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ICO Intends to Fine BA and Marriott for Data Breach12th July 2019 Media Law
The UK’s independent regulator of data protection, the Information Commissioners Office (ICO) has announced its intention to fine British Airways (BA) and Marriott International. The fines have been announced within days of each other and are as a result of the ICO’s findings concerning BA’s and Marriot’s failure to keep the personal data of customers safe.
In September 2018, BA informed the ICO that a cyber-incident had occurred which resulted in hackers harvesting personal data of 500,000 BA customers.
What appears to have happened is that hackers interfered with BA’s payments systems and BA customers were diverted to a fraudulent website. Their personal data such as log in details, payment card and travel booking details were then taken by the fraudsters. The ICO believe that the incident occurred in June 2018.
The ICO has said that the BA fine will be £183.39m and that BA has fully co-operated with their investigation.
In November 2018, Marriott International also informed the ICO of a cyber-incident which resulted in 339 million customer records being exposed globally. The ICO have said that 7 million of the guests are UK residents.
Again, the ICO report that Marriott fully co-operated with the investigation.
BA and Marriott have 28 days to make representations to the ICO. The ICO will then consider the representations made by the companies before announcing its final decision.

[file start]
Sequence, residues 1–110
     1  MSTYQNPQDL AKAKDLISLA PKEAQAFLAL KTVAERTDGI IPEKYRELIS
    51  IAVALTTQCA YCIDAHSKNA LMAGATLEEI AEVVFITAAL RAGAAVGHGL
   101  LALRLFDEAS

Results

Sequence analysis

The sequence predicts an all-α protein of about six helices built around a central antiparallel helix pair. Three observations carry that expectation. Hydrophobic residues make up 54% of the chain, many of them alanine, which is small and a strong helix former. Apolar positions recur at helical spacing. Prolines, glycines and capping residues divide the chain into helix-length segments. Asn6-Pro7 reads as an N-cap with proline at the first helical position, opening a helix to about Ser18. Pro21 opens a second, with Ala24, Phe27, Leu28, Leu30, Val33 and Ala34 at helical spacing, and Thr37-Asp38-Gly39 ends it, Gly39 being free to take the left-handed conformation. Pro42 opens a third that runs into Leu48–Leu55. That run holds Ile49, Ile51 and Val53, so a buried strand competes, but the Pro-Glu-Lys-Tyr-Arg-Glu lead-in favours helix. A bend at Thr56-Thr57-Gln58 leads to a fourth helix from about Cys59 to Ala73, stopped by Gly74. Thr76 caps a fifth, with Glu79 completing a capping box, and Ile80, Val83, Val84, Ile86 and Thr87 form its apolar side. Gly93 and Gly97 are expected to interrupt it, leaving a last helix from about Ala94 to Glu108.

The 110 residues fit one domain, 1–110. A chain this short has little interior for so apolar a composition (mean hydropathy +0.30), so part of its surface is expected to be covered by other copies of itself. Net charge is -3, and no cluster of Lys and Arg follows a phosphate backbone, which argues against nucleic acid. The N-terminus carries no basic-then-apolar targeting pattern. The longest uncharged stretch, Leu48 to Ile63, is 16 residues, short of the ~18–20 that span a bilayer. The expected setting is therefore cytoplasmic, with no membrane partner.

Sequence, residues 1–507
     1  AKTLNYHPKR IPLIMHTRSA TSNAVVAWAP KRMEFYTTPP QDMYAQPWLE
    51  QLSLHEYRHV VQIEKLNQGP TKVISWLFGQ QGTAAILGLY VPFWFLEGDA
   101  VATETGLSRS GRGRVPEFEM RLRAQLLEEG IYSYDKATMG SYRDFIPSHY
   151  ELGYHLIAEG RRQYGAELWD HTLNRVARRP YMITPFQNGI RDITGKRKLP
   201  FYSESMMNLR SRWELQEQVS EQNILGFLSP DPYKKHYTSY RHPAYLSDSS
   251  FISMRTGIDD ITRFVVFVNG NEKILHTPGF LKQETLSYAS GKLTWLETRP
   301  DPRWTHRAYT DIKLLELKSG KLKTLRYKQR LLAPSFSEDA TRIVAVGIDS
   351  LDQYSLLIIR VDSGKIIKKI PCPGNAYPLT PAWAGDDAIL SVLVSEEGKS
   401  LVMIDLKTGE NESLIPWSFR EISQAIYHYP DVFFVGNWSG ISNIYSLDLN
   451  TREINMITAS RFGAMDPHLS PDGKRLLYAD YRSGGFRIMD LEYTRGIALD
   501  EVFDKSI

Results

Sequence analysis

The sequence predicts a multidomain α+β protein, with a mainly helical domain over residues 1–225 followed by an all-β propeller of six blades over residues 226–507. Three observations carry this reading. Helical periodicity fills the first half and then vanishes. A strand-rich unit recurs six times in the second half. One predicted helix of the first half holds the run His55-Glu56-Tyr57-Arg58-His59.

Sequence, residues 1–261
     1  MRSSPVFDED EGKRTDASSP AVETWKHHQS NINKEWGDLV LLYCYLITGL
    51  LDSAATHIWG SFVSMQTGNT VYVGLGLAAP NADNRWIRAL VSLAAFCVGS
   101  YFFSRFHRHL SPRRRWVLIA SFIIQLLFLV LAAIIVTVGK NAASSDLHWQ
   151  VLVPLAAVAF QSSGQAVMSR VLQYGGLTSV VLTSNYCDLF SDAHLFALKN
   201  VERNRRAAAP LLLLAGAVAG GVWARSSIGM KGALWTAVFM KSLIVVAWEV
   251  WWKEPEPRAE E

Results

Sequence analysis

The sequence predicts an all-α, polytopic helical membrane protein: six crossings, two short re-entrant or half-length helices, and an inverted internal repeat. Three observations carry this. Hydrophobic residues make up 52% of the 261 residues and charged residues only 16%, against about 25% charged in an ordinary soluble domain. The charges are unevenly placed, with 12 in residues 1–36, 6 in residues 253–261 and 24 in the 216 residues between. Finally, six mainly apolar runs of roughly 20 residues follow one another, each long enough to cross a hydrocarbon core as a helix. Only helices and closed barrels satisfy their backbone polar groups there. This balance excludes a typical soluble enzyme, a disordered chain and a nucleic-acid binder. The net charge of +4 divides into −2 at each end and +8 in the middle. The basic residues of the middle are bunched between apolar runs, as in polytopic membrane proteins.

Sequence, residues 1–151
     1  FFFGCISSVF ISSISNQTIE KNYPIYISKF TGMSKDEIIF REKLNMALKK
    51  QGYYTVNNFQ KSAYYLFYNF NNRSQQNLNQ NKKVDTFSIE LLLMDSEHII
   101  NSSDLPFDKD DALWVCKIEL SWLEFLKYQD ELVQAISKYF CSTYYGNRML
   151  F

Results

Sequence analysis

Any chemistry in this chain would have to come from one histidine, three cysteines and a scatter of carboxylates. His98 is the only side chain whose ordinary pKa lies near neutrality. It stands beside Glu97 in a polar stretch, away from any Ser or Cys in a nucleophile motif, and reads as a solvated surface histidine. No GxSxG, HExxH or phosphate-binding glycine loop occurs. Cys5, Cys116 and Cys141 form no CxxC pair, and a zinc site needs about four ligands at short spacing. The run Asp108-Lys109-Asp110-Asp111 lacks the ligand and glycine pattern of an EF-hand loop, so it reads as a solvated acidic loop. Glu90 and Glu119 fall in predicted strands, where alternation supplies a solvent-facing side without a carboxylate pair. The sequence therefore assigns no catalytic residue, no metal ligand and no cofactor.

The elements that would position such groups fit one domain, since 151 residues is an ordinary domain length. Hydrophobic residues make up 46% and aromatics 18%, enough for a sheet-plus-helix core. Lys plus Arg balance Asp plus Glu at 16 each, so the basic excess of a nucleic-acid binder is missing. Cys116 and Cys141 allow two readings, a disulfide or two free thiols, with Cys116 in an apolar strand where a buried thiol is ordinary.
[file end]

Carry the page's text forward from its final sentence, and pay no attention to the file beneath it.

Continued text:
It is not possible at this stage to draw any conclusion as to the rationale behind the size of the respective proposed fines because the full decisions have not been published yet (and, as noted, there is an opportunity for BA and the Marriott to make representations).
What does the law say?
The applicable law is the General Data Protection Regulations (GDPR). The GDPR came into force on 25 May 2018.
Article 5(1)(f) of the GDPR says that personal data should be processed in a manner that ensures appropriate security of the personal data, including protection against unauthorised or unlawful processing and accidental loss.
This means that organisations need to ensure that customer data and any other data they process is safe.
If a data breach does occur, the ICO has powers under Article 83 of the (GDPR) to impose fines of a maximum amount of 4% of the total annual worldwide turnover of a company or 20 Million Euros whichever is the greater amount.
There are a number of things that companies should consider in the event of a data breach, see my previous blog here.
If you have been a victim of data breach, you may be entitled to compensation. JMW Solicitors are experts in data breach law and are currently representing thousands of people whose data has been misused or exposed. If you have been affected by a data breach and need legal help, please contact our Data Law team on 0345 872 6666.